My mind wanders about and I finally remember that I was trying to remember whose woods these are.  It reminds my of the Robert Frost poem Stopping by the Woods on  Snowy Evening , you know the one that begins with “Whose woods these are, I think I know, his house is in the village though”.  Now why can I remember this and not the name of that plant, you know, the one with the gold root!  And why can’t I remember the name of the family who owns this land?  Robert Frost remembered the name of the guy who owned the land he wrote about and he was about 100 years old when he composed the poem! EGADS!

I take a minute to calm myself and collect my thoughts.  I sit down on the stone wall.  Too bad I sit directly on the barbed wire that just tore the leg of my coveralls.  Yikes, that smarts!  I stand quickly again, holding my rear end at the approximate location of the new wound.  Jumpin’ gee hosifer!  My short term memory isn’t much better.  I look and the barbed wire is just as rusty as it was five minutes ago when I snagged by coveralls.  I might need one of those Whata-ya-call-it shots, you know the one that prevents you from getting that disease when your jaw freezes up!  I’ll have to call Doctor Whats-her-name when I get home and see if I need a booster.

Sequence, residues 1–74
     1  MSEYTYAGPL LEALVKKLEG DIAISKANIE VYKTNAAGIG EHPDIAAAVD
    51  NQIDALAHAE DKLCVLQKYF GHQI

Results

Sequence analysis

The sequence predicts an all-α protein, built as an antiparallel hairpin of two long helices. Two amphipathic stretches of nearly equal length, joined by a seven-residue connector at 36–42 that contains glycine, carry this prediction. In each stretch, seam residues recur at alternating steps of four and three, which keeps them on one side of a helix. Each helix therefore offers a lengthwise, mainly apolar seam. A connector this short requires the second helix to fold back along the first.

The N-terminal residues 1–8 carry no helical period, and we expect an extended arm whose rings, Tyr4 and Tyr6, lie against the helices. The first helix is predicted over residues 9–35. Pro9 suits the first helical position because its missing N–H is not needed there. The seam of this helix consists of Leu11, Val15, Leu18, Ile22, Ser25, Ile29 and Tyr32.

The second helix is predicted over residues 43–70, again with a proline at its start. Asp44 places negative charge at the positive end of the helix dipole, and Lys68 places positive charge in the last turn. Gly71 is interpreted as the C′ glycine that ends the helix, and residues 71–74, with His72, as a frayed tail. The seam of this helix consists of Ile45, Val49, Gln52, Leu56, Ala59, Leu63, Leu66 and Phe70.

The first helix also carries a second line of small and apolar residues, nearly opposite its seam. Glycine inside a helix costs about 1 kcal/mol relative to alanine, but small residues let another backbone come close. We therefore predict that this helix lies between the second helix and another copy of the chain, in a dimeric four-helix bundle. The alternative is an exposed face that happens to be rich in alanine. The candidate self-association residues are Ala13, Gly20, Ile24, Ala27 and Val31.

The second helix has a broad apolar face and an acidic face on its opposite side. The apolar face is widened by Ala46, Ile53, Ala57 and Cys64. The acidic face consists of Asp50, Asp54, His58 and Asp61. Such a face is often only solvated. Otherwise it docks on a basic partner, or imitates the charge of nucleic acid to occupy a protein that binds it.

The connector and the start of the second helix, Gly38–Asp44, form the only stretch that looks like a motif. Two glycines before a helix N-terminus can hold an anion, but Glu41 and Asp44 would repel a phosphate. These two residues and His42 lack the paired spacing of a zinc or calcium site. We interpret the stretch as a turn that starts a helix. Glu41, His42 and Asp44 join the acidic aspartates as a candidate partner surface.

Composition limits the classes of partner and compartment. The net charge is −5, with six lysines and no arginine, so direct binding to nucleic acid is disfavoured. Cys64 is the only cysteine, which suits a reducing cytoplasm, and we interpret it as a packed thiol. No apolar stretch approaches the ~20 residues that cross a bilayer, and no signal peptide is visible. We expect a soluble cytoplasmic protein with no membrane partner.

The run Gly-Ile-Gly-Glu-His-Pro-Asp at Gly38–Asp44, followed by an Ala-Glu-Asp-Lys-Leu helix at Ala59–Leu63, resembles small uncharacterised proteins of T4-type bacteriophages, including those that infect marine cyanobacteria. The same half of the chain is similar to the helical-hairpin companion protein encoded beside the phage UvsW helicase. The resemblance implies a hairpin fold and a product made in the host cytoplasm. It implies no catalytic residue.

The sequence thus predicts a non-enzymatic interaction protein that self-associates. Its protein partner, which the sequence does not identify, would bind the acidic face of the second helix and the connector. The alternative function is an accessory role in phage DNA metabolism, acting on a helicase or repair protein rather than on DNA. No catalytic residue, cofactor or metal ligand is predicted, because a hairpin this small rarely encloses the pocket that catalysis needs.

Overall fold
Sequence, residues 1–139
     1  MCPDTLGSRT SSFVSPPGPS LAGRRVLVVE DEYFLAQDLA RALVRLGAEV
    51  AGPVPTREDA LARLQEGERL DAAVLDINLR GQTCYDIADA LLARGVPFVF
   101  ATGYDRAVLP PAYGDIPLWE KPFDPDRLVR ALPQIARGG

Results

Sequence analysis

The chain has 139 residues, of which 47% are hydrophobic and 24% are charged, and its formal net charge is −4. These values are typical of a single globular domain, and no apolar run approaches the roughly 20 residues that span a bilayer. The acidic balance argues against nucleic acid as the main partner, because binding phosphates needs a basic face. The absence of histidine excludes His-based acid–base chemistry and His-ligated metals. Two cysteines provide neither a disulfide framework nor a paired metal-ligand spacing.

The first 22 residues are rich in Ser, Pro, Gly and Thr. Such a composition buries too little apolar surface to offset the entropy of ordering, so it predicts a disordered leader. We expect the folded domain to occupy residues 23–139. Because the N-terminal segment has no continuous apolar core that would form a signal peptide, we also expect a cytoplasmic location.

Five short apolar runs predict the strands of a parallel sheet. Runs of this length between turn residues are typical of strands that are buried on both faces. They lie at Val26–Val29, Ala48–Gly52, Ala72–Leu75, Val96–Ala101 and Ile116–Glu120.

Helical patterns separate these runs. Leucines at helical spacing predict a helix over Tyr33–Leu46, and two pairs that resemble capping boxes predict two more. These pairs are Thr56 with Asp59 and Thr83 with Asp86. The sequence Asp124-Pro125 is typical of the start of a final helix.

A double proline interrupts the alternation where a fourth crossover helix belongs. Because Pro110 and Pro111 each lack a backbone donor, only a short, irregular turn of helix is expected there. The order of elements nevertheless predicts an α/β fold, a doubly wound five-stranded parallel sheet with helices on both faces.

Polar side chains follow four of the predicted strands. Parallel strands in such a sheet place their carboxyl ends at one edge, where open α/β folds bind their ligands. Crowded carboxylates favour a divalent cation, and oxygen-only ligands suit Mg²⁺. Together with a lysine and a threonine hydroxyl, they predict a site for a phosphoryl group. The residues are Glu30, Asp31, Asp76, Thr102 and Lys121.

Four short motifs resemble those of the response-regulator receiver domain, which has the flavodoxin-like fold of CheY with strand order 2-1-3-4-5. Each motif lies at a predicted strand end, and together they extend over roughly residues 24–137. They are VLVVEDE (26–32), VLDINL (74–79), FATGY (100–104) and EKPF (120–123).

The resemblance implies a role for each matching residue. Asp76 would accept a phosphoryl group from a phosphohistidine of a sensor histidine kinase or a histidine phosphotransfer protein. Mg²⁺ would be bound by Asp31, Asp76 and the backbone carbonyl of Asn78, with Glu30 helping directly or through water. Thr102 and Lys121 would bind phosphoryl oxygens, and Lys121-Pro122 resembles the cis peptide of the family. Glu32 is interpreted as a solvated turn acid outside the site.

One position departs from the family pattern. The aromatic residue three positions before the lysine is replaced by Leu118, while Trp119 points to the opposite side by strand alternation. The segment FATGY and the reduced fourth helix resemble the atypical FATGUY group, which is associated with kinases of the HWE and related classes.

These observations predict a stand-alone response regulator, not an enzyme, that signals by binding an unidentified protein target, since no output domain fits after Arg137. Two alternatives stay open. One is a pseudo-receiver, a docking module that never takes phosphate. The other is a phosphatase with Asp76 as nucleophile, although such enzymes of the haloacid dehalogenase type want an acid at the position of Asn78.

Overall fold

I look again at the stone wall and move the barbed wire aside.  This time I rest my fanny in a safe location free from sharp objects.  I decide that if I let my mind relax this fellow’s name might come to mind.  Then again it might not.  I’m in no hurry.  If I don’t remember in the next few minutes I’ll go onto the next thought that I can’t recall.

I take off a glove and place my hand on the cold stone that I sit on.  The name of the gent who owns this property is on the tip of my tongue.  It is trying to force its way from the locker that is my brain to my voice box.  It simply cannot seem to quite find its way to my lips.  And then, without warning, there it is!  Stone!  Just like the rock wall I am sitting on!